AI, IoT, & Mobile Security – The Week’s Best News – 2018.10.23

A Review of the Best News of the Week on AI, IoT, & Mobile Security

Android Protected Confirmation: transaction security to the next level (Google, Oct 19 2018)
The first major mobile OS API that leverages a hardware protected user interface (Trusted UI) to perform critical transactions completely outside the main mobile operating system.

West Virginia’s voting experiment stirs security fears (Politico, Oct 19 2018)
Overseas residents will be able to cast ballots via mobile app on Election Day, using the same tech that underlies Bitcoin. But is that a wise idea?

Network Anomaly Detection Track Record in Real Life? (Anton Chuvakin – Gartner, Oct 22 2018)
“my long-held impression is that no true anomaly-based network IDS (NIDS) has ever been successful commercially and/or operationally. There were some bits of success, to be sure (“OMG WE CAN DETECT PORTSCANS!!!”), but in total, they (IMHO) don’t quite measure up to SUCCESS of the approach. In light of this opinion, here is a fun question: do you think the current generation of machine learning (ML) – and “AI”-based (why is AI in quotes?) systems will work better?”


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A Cybersecurity Weak Link: Linux and IoT (Dark Reading, Oct 16 2018)
Linux powers many of the IoT devices on which we’ve come to rely — something that enterprises must address.

Critical Vulnerabilities Allow Takeover of D-Link Routers (SecurityWeek, Oct 17 2018)
Researchers have found several vulnerabilities that can be exploited to take full control of some D-Link routers, and patches do not appear to be available. Serious flaws have also been discovered in routers from Linksys.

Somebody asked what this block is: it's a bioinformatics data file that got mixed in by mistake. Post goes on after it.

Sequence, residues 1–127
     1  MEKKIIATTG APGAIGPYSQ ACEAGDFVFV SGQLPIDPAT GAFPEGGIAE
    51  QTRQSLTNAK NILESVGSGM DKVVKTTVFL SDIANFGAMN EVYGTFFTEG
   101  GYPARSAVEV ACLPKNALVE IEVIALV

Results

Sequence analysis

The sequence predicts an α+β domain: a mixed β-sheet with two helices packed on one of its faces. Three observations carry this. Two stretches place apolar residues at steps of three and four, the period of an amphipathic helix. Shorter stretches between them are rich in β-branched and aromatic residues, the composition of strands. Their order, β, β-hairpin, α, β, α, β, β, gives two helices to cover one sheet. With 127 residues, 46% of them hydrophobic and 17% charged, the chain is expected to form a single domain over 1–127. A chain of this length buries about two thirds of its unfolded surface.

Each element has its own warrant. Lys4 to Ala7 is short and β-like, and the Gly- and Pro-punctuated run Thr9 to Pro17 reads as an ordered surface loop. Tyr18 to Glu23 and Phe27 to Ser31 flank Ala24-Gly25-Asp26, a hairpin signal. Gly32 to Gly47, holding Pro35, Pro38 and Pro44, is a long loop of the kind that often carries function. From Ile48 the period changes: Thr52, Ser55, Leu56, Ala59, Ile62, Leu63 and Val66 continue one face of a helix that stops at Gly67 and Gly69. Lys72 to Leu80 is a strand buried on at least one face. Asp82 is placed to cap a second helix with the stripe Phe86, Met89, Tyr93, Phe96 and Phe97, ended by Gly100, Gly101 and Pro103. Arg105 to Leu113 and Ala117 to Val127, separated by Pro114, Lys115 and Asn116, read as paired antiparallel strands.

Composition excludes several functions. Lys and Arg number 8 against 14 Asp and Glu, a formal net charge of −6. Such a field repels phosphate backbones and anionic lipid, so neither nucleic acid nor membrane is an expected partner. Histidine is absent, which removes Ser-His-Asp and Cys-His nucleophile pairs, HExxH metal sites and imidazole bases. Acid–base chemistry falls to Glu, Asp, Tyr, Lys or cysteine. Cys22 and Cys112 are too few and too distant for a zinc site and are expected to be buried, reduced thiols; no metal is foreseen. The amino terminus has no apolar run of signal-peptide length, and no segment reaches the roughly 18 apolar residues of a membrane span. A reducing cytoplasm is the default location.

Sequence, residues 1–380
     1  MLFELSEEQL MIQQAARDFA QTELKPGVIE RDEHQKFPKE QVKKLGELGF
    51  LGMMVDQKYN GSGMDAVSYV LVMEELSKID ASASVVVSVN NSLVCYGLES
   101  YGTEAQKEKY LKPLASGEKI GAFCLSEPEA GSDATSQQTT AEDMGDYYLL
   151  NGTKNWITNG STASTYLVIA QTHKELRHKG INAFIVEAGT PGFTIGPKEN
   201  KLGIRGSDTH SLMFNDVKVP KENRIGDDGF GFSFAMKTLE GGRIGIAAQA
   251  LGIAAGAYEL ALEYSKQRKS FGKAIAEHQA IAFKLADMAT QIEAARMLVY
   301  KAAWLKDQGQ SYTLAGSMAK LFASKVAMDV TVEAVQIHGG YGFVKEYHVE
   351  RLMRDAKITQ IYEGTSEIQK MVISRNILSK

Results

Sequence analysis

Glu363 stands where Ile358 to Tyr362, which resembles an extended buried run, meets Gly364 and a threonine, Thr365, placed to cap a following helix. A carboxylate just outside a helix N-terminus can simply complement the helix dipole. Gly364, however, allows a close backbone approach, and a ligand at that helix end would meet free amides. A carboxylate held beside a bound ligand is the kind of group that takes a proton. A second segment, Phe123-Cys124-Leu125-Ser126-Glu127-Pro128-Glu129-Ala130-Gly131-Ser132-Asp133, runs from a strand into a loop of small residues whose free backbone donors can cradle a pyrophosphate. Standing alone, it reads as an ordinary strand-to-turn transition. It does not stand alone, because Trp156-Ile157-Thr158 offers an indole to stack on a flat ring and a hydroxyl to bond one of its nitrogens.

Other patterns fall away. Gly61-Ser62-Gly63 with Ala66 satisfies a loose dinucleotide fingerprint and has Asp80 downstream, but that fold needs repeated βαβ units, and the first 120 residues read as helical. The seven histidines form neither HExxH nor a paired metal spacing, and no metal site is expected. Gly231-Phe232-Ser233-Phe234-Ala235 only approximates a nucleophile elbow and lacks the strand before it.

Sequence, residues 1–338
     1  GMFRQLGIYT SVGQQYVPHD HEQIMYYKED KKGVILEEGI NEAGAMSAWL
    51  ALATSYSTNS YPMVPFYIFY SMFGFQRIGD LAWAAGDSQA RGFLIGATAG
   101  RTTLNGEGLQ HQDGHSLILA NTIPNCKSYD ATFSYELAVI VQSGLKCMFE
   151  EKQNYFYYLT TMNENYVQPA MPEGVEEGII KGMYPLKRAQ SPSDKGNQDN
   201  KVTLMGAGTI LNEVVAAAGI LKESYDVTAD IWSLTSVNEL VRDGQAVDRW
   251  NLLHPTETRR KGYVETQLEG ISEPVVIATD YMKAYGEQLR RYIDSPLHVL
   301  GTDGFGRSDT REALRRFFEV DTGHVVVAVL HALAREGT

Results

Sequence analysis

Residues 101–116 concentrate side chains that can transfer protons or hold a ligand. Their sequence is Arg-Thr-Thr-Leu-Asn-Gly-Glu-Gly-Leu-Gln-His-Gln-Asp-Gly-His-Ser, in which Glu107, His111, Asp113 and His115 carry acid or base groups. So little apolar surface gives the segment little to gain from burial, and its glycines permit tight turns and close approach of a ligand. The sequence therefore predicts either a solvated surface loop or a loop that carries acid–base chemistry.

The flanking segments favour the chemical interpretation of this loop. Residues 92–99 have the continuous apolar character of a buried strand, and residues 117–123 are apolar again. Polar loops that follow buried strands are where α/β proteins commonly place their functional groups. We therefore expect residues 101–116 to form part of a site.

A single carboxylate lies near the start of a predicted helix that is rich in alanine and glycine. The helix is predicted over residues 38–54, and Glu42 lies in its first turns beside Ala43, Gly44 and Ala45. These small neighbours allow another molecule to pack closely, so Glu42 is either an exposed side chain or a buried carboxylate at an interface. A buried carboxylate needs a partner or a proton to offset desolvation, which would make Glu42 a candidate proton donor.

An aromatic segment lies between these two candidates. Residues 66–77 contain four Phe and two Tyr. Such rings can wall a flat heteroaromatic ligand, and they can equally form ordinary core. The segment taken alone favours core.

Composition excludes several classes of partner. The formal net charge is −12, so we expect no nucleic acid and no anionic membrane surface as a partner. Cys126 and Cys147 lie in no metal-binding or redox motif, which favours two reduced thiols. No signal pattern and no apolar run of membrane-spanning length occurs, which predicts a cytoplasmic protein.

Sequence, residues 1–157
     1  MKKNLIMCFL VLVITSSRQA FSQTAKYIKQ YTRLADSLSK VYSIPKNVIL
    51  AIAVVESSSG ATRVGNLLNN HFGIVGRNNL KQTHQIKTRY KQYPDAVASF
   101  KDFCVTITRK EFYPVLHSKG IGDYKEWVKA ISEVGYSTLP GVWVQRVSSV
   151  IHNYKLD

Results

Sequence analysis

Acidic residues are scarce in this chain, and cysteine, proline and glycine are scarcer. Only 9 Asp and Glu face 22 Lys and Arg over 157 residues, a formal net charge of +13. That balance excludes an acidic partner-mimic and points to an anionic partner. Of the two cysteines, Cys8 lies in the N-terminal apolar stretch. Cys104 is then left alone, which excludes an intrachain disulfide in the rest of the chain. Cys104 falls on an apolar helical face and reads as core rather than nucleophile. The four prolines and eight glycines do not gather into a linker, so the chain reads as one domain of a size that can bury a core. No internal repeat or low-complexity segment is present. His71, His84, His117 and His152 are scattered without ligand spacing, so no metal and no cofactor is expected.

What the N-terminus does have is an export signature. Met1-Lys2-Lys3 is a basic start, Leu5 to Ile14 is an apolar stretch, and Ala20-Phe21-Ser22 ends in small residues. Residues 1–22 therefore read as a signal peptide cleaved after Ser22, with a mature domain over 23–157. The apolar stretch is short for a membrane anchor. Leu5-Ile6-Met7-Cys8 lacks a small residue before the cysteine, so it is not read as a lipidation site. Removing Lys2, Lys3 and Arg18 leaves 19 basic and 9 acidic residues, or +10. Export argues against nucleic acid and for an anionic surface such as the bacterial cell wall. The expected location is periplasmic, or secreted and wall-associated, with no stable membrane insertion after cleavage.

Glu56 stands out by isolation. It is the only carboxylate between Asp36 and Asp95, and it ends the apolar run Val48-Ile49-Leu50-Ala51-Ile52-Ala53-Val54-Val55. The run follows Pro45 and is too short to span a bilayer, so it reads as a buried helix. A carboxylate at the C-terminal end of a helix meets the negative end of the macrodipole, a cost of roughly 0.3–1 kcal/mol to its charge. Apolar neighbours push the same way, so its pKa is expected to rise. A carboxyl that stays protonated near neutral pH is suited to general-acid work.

New Security Woes for Popular IoT Protocols (Dark Reading, Oct 18 2018)
Researchers at Black Hat Europe will detail denial-of-service and other flaws in MQTT, CoAP machine-to-machine communications protocols that imperil industrial and other IoT networks online.

Are the Police Using Smart-Home IoT Devices to Spy on People? (Schneier on Security, Oct 22 2018)
“IoT devices are surveillance devices, and manufacturers generally use them to collect data on their customers. Surveillance is still the business model of the Internet, and this data is used against the customers’ interests: either by the device manufacturer or by some third party the manufacturer sells the data to. Of course, this data can be used by the police as well; the purpose depends on the country.”

Is Google’s Android app unbundling good for security? (Naked Security – Sophos, Oct 18 2018)
If you live in the EU, turning on a new Android device after 29 October 2018 could look quite different…

Fin Firms: Look to Mobile, Social for Comms Risks (Infosecurity Magazine, Oct 19 2018)
Financial firms are looking in the wrong places for communications risks.

Now Apps Can Track You Even After You Uninstall Them (BloombergQuint, Oct 22 2018)
Now Apps Can Track You Even After You Uninstall Them

Common Security Mistakes when Developing Swift Applications – Part I (Checkmarx, Oct 21 2018)
In the past few years we’ve noticed common security problems when developing Swift applications, all of them part of the ten most critical security risks on the OWASP Mobile TOP 10 2016. This playground covers two major flaws, Insecure Data Storage (M2) and Insecure Communication (M3).

UK, US to Sign Accord on AI, Cybersecurity Cooperation (Dark Reading, Oct 22 2018)
Royal Navy, US Navy, and tech industry leaders ready to commit to ‘a framework for dialogue and cooperation’ at inaugural meeting of the Atlantic Future Forum.

Bug in New iOS Lets Attacker Access iPhone Pics (Infosecurity Magazine, Oct 16 2018)
iOS hacker Jose Rodriguez shares a proof-of-concept video of another VoiceOver bypass bug.

Donald Daters app for pro-Trump singles exposes users’ data at launch (Naked Security – Sophos, Oct 17 2018)
A security researcher found a publicly exposed Firebase data repository that was hardcoded in the dating app.

The Titan M Chip Powers Up Pixel 3 Security (Wired, Oct 21 2018)
Google’s latest flagship smartphone includes the Titan M, a security-focused chip that keeps users safe against sophisticated attacks.

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